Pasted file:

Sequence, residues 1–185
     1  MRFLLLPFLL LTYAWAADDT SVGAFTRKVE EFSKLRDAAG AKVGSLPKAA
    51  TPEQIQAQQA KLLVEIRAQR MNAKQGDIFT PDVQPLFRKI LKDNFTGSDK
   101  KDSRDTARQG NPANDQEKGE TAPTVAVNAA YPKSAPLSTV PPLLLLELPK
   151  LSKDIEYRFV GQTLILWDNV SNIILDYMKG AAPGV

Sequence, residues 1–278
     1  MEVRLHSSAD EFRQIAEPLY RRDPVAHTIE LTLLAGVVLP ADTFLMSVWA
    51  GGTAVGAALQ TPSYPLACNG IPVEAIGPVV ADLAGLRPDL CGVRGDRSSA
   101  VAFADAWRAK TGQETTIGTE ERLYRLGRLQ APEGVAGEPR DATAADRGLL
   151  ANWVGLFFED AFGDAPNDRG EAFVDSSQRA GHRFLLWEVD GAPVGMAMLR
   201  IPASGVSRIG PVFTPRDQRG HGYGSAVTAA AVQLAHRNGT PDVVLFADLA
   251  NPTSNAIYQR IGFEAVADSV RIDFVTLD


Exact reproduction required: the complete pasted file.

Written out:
Sequence, residues 1–185
     1  MRFLLLPFLL LTYAWAADDT SVGAFTRKVE EFSKLRDAAG AKVGSLPKAA
    51  TPEQIQAQQA KLLVEIRAQR MNAKQGDIFT PDVQPLFRKI LKDNFTGSDK
   101  KDSRDTARQG NPANDQEKGE TAPTVAVNAA YPKSAPLSTV PPLLLLELPK
   151  LSKDIEYRFV GQTLILWDNV SNIILDYMKG AAPGV

Sequence, residues 1–278
     1  MEVRLHSSAD EFRQIAEPLY RRDPVAHTIE LTLLAGVVLP ADTFLMSVWA
    51  GGTAVGAALQ TPSYPLACNG IPVEAIGPVV ADLAGLRPDL CGVRGDRSSA
   101  VAFADAWRAK TGQETTIGTE ERLYRLGRLQ APEGVAGEPR DATAADRGLL
   151  ANWVGLFFED AFGDAPNDRG EAFVDSSQRA GHRFLLWEVD GAPVGMAMLR
   201  IPASGVSRIG PVFTPRDQRG HGYGSAVTAA AVQLAHRNGT PDVVLFADLA
   251  NPTSNAIYQR IGFEAVADSV RIDFVTLD